Richard Kershaw is a top name in the field that is described by peers as “a strong practitioner who is always well prepared.”
Richard is a partner in Deloitte’s forensic practice, where he leads the forensic technology team in China. He also supports the discovery practitioners in Japan. He specialises in technology strategies for complex investigations and disputes and policy frameworks for information governance and security. His primary focus is the life science and healthcare sectors and he also has experience assisting technology and media companies responding to litigation and regulatory enquiries.
What do clients look for in an effective data and e-discovery expert?
In China, our clients could be described as being in two very different situations. We have multinational corporations, who usually require digital forensics and e-discovery in the context of their internal investigations portfolio. They are looking for in-country technology capabilities and credible experience from practitioners. To them, understanding of the types of issues which face their industry in China is important, combined with language-enabled technology enablers, both of which are critical for efficient and complete investigative review. Our other client group is Chinese companies with global operations, sometimes overseas listed, who are involved in (primarily US) litigation. They are usually new to the requirements of a discovery process and are looking for guidance and help to minimise impact on their operations, ensure the security of their data and for us to be able to speak the same language technically as their offshore external counsel.
What are the advantages and disadvantages of having a global practice?
Certainly we live in a world of sometimes conflicting regulatory obligations, not least laws on data residency and data protection. Having data centres in key global locations helps clients and counsel conduct review onshore, which helps mitigate some of those challenges, as does our ability to report on data overlap between document populations in multiple locations. In addition to data centres, we also have digital forensic labs from which we can deploy in many jurisdictions around the world, without the need to fly in – which in this era of covid-19 has been more of a logistical benefit than a pure cost consideration. It is also a considerable advantage having colleagues well experienced in language and local considerations. In terms of challenges, because we are large and global, inevitably sharing knowledge, tips and techniques in a timely way is something we actively need to consider. Also, our coverage does mean we get to work on large, multi-jurisdictional cases, which means multiple time zones and so often calls early morning and late at night. Making sure we manage our team and keeping an eye out for burnout, is very important.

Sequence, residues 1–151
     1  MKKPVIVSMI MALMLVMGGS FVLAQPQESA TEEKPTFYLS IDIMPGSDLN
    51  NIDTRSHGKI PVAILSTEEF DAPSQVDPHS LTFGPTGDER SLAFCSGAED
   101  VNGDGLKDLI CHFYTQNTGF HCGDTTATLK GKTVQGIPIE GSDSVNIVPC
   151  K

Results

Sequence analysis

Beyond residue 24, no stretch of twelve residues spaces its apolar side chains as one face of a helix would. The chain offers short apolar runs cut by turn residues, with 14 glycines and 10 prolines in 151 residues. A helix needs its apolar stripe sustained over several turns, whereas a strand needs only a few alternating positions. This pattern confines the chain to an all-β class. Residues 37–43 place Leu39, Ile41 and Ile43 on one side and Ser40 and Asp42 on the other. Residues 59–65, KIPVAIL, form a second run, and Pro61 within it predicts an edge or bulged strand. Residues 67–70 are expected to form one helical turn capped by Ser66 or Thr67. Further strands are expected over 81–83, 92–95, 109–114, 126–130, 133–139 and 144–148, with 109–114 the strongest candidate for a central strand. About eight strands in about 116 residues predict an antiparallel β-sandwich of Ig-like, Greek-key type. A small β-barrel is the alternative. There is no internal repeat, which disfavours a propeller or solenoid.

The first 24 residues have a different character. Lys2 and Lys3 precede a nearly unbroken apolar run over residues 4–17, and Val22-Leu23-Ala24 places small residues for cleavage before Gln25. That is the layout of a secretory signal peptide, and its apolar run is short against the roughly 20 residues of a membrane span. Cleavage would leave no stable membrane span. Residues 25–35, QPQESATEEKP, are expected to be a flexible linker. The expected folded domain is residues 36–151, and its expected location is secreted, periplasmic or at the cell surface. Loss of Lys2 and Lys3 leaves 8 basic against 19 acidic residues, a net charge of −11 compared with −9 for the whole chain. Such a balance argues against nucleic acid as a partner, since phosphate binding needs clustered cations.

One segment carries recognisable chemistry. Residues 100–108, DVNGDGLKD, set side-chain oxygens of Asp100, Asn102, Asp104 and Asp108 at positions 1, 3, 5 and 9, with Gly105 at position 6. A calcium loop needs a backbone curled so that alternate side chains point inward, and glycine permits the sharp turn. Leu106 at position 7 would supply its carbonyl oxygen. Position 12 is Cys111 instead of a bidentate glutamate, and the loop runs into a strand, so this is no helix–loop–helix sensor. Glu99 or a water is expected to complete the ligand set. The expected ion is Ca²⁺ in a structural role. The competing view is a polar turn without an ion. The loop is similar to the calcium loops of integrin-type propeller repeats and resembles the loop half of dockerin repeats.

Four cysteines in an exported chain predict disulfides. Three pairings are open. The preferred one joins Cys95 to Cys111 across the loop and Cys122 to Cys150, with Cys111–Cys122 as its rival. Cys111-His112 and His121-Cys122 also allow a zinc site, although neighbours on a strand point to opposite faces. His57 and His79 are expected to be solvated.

In your experience, how are restrictions arising from covid-19 affecting the investigation process?
Getting data got harder. Our forensic tech teams are based in Hong Kong and Shanghai. We were unable to travel from Hong Kong to southern China and there were periods we could not travel to certain areas within the PRC even from Shanghai. Some clients had the option of collecting from their enterprise sources, but even then, if their offices were closed, nobody could put data onto physical media to ship to us. We have been working with clients on better ways to collect and transmit data, which in turn has led to opportunities to discuss efficiencies both from a process and an automation perspective.
In your experience, how has the trend towards home and virtual working affected clients?
We see three areas clients need to consider when considering home or remote working: obtaining data for investigations, data exfiltration and external cyberattacks. If staff are working from home and their data is needed for an investigation, that needs to be considered in the triage process: do we have sufficient data from enterprise sources? If we need the endpoint, can we ask them to come in and what are the risks associated? If we want to use network forensic tools, how are the staff connecting to the network and can the enterprise forensic tool ‘see’ data through that connection? Similarly, if an organisation is allowing remote access, is that limited to specific endpoint devices which they can monitor and control? And finally, we have seen cyberattacks trying to exploit the home working trend, and as ever, training (and pre-planned steps to respond quickly) are key here.